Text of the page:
About this Poem 

“Late last year I traveled by train across America and gave poetry readings in something like eighteen cities. Whenever I was alone on the train I worked on this poem, and in my head it’s dedicated to everyone I met in those cities, everyone I read with and stayed with and everyone whose stories I heard along the way. 'C’est la guerre' means 'it’s the war' in the French and it’s a phrase of resignation that seeped into our culture after WWII. It’s a bittersweet way of toasting what’s wrong in your life, with a slight kiss-off to the forces beyond your control. I am how I am, it’s the war, if you will. Roger Thornhill speaks the phrase in North by Northwest, which I saw for the first time on the tail end of this tour.”
—Danniel Schoonebeek

C'est La Guerre

If I see one more shred of pink rust come peeling off the face of this warehouse tonight. 

With my bouquet of railroad ties that I plucked from the Union Pacific who’ll witness me. 

When I’ve found the man who named the road on which you grew up and defaced him. 

And wearing his father’s crushed suit and his cufflinks I fire your name in his furrows. 

When I’ve poured his mother a whiskey and coffee and beer-back I’ll learn her our myth. 

We come from low country with deer ticks in our blood is that what they’re selling. 

In search of the black horse who spits on the hay and the barley and hunger strikes. 

Who lost the blue horse he loved and he’ll die with his eye on the wood where she fell. 

I fire your name in the furrows tonight for the ones who refuse to survive themselves. 

Who say every five seconds the nations of dead they tell me my job is assuage them. 

And every five seconds when I tear out their stitches I tear them out five seconds long. 

It is you with the planks of rotting down barns in your arms I am barreling toward.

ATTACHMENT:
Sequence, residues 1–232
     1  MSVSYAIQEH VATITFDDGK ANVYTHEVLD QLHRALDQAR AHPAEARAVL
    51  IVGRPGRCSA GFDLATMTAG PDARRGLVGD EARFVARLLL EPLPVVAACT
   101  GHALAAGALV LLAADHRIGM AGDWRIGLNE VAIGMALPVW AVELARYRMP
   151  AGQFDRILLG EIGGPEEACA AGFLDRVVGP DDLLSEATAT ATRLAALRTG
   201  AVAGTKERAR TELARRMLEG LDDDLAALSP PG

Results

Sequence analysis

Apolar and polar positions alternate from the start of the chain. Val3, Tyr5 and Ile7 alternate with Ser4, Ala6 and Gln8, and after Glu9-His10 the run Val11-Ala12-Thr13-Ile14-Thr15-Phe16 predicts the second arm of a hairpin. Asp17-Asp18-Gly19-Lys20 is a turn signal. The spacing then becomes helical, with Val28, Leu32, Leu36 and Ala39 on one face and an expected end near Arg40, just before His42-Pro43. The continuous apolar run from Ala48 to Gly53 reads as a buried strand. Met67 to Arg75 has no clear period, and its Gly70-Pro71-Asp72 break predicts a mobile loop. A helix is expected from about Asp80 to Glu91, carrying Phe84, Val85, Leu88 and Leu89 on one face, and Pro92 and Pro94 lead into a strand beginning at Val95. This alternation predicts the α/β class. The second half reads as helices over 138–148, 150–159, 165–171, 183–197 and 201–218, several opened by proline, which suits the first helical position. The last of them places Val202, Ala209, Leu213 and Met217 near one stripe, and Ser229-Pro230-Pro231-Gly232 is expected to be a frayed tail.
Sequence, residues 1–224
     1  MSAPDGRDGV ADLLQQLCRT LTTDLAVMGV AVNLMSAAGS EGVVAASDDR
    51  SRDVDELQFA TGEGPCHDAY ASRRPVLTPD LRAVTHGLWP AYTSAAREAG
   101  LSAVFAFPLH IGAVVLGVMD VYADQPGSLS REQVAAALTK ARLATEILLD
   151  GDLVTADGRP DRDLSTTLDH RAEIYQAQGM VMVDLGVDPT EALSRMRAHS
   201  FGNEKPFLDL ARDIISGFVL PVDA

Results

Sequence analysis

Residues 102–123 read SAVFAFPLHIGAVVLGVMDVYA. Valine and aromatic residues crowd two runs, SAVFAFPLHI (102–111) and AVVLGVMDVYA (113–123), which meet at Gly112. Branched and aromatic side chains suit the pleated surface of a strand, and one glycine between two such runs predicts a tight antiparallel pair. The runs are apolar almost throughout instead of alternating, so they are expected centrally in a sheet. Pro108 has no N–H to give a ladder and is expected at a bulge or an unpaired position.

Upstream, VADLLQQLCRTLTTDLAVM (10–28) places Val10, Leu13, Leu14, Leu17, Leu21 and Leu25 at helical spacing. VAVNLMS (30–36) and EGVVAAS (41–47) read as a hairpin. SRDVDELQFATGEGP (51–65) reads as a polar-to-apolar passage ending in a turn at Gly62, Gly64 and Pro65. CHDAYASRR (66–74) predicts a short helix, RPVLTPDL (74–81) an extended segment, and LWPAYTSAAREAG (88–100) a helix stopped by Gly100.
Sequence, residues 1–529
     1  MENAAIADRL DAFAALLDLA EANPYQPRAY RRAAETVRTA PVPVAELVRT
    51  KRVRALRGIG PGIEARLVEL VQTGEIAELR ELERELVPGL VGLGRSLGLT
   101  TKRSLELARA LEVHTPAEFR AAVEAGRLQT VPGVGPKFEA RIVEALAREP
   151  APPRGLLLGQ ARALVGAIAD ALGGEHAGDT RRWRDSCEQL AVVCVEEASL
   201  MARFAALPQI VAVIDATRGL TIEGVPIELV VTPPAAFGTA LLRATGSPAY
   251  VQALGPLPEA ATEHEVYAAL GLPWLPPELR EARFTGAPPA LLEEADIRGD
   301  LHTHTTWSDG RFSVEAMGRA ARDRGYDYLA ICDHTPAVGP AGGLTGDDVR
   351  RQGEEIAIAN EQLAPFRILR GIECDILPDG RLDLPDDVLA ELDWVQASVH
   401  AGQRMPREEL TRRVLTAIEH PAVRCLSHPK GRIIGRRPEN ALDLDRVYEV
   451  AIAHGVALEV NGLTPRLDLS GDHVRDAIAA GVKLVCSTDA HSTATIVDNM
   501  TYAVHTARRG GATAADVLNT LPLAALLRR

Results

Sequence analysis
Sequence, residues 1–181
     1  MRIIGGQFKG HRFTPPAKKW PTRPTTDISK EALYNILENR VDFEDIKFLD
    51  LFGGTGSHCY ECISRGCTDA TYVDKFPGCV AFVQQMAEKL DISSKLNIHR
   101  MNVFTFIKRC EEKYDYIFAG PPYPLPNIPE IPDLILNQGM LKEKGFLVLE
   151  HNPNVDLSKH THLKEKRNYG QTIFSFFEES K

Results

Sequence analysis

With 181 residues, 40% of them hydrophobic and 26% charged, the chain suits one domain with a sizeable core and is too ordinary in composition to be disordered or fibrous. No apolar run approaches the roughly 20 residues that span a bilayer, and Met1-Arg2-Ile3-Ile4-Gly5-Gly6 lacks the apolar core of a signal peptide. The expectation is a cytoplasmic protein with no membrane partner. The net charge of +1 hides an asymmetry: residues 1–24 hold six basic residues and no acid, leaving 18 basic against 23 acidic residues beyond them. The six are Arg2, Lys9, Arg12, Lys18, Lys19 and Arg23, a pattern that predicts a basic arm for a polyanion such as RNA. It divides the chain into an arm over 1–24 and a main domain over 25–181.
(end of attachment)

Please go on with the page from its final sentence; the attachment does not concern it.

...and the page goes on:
It is you from the jackshit connivances of yesterday’s scofflaw patrol I will kidnap. 

And who will say amen if I fell one more empire that was raised from a handful of litter.

And who will help quit our mothers who will not quit treading the rafters of savagery. 

And who will carry our fathers from the ditches where they crashed their radio flyers.  

With a bouquet of railroad ties in a crushed suit I will field you this question come winter. 

In the apocryphal gossip of sea kings my face is scrimshaw like they’ve never witnessed. 

He sunk himself like a dreadnaught into the sea to landmark her joy is that what they say. 

And who will witness me if I’m one page in a long book of ways to say no with no ending.

And if I come to your door come winter in crushed suit with the stitches to prove you.

Copyright © 2014 by Danniel Schoonebeek. Used with permission of the author. This poem appeared in Poem-A-Day on March 6, 2014. Browse the Poem-A-Day archive.

Copyright © 2014 by Danniel Schoonebeek. Used with permission of the author. This poem appeared in Poem-A-Day on March 6, 2014. Browse the Poem-A-Day archive.

Danniel Schoonebeek

Danniel Schoonebeek

Danniel Schoonebeek is the author of American Barricade (YesYes Books, 2014). He is the recipient of residencies and fellowships from the Juniper Institute, Oregon State University, Poets House, Summer Literary Seminars, and the NEA. He writes a column on poetry for The American Reader, edits the PEN Poetry Series, and lives in Brooklyn, New York.